Presentation on theme: "Engineer Research and Development Center Cold Regions Research and Engineering Laboratory “We solve problems to make the world safer and better.” Serving."— Presentation transcript:
Engineer Research and Development Center Cold Regions Research and Engineering Laboratory “We solve problems to make the world safer and better.” Serving the Nation since February 1, 1961 BUILDING STRONG ® Interagency Surface Dynamics Working Group USDA Southwest Watershed Research Center Tucson, AZ March 1-3, 2011 Presenter: John Eylander U. S. Army ERDC/CRREL Hanover, NH, USA
BUILDING STRONG ® Monday AM Agenda 08:30 - Welcome and Introductions (Dr. Moran & Dr. Harmon 08:45 – 09:15Meeting overview and goals (Eylander) 09:15 – 09:45Dr. Jeff Cetola & Mr. Chris Franks Air Force Weather Agency (AFWA) Operational Land Surface Modeling overview at AFWA 09:45 – 10:30Dr. Christa Peters-Lidard NASA-Goddard Hydrological Sciences Branch The Land Information System as a Research-to-Operations Tool 10:30 – 10:45 Break 10::45 – 11:15Gary McWilliams (via telecom) US Army Research Lab Review of Joint Polar Satellite System and Defense Weather Satellite System 11:15 – 12:00Dr. Enrique Vivoni Arizona State University Small catchment activities at Jornada and Santa Rita Experimental Range, and large-scale soil moisture network in Sonora
BUILDING STRONG ® Monday Afternoon Agenda 12:00 – 13:00Lunch 13:00 – 13:30Mike Tischler (via telecom) USACE Topographic Engineering Center (Alexandria, VA) TEC soil property mapping update 13:30 – 14:00Mike Follum USACE ERDC Coastal & Hydraulics Lab (Vicksburg, MS) Use of remotely sensed data in hydrologic prediction 14:00 – 14:30Dr. George Mason USACE ERDC Geotechnical and Structures Lab (Vicksburg, MS) 14:30 – 15:00Hsu & Gao Center for Hydrometeorology and Remote Sensing UC Irvine 15:00 – 15:15Break
BUILDING STRONG ® Monday Afternoon Agenda (cont’d) 15:15 – 15:45 Jingfeng Wang & Rafael Bras University of California at Irvine Modeling Surface Energy Balance Using the MEP Method 15:45 – 16:15Dr. Scott Tyler Univ. of Nevada, Reno Desert Research Institute Distributed Fiber Optic Sensing for Soil Moisture and Environmental Studies: NSF's Community User Facilty. 16:15 – 16:45Dr. Jan Hendrickx New Mexico Tech Assimilation of METRIC Evapotranspiration and soil moisture in a distributed hydrologic model 16:45 – 17:30Open discussion & Wrap up 19:00 -Group Dinner @ Guadalajara Grill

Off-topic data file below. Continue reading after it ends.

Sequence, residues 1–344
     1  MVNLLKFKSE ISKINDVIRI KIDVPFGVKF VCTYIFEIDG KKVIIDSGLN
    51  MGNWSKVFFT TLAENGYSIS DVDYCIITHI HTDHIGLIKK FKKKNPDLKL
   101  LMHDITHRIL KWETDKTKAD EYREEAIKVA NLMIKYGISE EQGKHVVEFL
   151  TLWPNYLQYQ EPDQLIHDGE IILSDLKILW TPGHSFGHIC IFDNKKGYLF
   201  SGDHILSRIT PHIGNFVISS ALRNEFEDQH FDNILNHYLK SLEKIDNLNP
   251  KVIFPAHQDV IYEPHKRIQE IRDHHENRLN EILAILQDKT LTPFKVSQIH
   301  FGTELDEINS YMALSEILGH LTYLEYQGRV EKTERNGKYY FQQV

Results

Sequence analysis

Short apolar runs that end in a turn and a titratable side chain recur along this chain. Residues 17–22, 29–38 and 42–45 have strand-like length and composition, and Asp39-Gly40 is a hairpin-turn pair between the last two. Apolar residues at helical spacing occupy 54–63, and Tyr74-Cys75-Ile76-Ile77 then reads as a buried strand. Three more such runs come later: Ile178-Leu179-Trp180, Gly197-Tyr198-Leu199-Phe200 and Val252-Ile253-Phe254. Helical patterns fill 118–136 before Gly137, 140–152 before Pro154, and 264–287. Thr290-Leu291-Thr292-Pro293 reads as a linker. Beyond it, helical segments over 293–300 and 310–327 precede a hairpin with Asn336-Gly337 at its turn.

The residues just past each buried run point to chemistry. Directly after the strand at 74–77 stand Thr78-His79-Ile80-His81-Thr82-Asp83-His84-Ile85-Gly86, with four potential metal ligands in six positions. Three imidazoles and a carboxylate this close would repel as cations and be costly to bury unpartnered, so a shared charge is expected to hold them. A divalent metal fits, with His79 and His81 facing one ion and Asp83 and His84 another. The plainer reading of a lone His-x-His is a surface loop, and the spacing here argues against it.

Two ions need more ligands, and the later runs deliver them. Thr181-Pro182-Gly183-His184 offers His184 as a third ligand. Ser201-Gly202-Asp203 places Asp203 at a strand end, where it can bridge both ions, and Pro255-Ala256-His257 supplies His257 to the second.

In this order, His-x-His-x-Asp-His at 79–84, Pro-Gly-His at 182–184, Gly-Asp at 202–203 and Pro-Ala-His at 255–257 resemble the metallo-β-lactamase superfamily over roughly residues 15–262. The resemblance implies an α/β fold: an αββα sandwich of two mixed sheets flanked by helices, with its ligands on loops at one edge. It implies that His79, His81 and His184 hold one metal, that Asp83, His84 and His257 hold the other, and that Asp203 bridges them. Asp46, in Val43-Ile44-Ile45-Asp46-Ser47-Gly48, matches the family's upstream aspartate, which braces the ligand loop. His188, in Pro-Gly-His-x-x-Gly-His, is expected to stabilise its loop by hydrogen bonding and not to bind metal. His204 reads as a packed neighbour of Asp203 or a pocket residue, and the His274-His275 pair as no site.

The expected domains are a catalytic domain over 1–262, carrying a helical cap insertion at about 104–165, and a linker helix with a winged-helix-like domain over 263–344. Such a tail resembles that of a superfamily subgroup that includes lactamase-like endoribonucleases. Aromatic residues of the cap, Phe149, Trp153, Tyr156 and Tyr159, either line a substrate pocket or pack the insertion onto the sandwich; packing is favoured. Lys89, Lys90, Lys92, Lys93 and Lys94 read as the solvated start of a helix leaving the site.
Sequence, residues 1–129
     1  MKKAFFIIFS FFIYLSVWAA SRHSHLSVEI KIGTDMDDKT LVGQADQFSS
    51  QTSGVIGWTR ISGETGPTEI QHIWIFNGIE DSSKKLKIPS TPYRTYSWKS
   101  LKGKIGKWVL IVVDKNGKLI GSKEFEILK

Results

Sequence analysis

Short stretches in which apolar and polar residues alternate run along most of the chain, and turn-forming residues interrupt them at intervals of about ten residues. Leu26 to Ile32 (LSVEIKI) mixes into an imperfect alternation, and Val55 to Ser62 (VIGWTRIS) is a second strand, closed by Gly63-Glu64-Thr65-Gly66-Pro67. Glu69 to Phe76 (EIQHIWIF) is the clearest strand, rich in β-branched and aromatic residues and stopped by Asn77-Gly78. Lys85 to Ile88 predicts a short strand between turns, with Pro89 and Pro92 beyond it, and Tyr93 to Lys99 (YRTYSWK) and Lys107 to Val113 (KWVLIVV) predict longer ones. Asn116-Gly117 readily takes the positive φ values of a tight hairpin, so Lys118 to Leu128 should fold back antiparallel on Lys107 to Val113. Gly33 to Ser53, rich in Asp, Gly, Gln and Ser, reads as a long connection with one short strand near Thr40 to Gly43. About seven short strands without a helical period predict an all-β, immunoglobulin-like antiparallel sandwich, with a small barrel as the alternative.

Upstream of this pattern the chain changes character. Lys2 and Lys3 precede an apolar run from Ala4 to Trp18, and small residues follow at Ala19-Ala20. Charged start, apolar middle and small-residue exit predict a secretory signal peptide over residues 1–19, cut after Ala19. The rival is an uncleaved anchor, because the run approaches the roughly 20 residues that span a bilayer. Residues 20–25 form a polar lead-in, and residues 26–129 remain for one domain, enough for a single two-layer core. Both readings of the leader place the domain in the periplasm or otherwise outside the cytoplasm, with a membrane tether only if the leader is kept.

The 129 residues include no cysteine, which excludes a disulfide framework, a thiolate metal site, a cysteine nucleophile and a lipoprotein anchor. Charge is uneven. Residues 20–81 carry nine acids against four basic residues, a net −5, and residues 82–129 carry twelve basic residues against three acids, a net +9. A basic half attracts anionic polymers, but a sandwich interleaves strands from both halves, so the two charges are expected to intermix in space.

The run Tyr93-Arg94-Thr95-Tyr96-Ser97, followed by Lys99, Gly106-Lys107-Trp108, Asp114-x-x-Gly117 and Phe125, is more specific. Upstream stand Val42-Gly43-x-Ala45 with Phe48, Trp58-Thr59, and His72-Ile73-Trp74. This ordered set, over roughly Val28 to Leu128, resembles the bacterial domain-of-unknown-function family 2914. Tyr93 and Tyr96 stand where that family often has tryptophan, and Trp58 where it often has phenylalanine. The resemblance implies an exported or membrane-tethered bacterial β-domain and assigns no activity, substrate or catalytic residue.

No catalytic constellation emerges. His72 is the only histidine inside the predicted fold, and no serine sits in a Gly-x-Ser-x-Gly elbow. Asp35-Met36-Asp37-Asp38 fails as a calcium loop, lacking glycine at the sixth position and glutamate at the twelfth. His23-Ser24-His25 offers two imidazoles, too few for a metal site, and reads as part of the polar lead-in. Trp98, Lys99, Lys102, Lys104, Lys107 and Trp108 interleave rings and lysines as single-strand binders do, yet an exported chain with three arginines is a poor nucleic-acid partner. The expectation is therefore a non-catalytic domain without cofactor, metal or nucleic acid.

BUILDING STRONG ® Goals –Increase organization ties between R&D and OPS groups –Understand methods to support technology transition –Explore ideas for increase interagency research inititives –Increase technology transition rates –Create 2-way information flow among agencies (wherever possible)
BUILDING STRONG ® Bridging the “Valley of Death” Understanding the gap between research and Operations communities
BUILDING STRONG ® Spanning the “Valley of Death” How do you “bridge the gap” –Know/document your functional TRL level –Understand the integration “process” –Take advantage of common “R&D to OPS” software tools in your research Land Information System (LIS) Weather Research and Forecasting (WRF) model –Collaborate!
BUILDING STRONG ® Technical Readiness Levels 3.1 - BASIC PRINCIPLES OBSERVED AND REPORTED: Transition from scientific research to applied research. Essential characteristics and behaviors of systems and architectures. Descriptive tools are mathematical formulations or algorithms. 3.2 - TECHNOLOGY CONCEPT AND/OR APPLICATION FORMULATED: Applied research. Theory and scientific principles are focused on specific application area to define the concept. Characteristics of the application are described. Analytical tools are developed for simulation or analysis of the application. 3.3 - ANALYTICAL AND EXPERIMENTAL CRITICAL FUNCTION AND/OR CHARACTERISTIC PROOF-OF- CONCEPT: Proof of concept validation. Active Research and Development (R&D) is initiated with analytical and laboratory studies. Demonstration of technical feasibility using breadboard or brassboard implementations that are exercised with representative data. 3.4 - COMPONENT/SUBSYSTEM VALIDATION IN LABORATORY ENVIRONMENT: Standalone prototyping implementation and test. Integration of technology elements. Experiments with full-scale problems or data sets.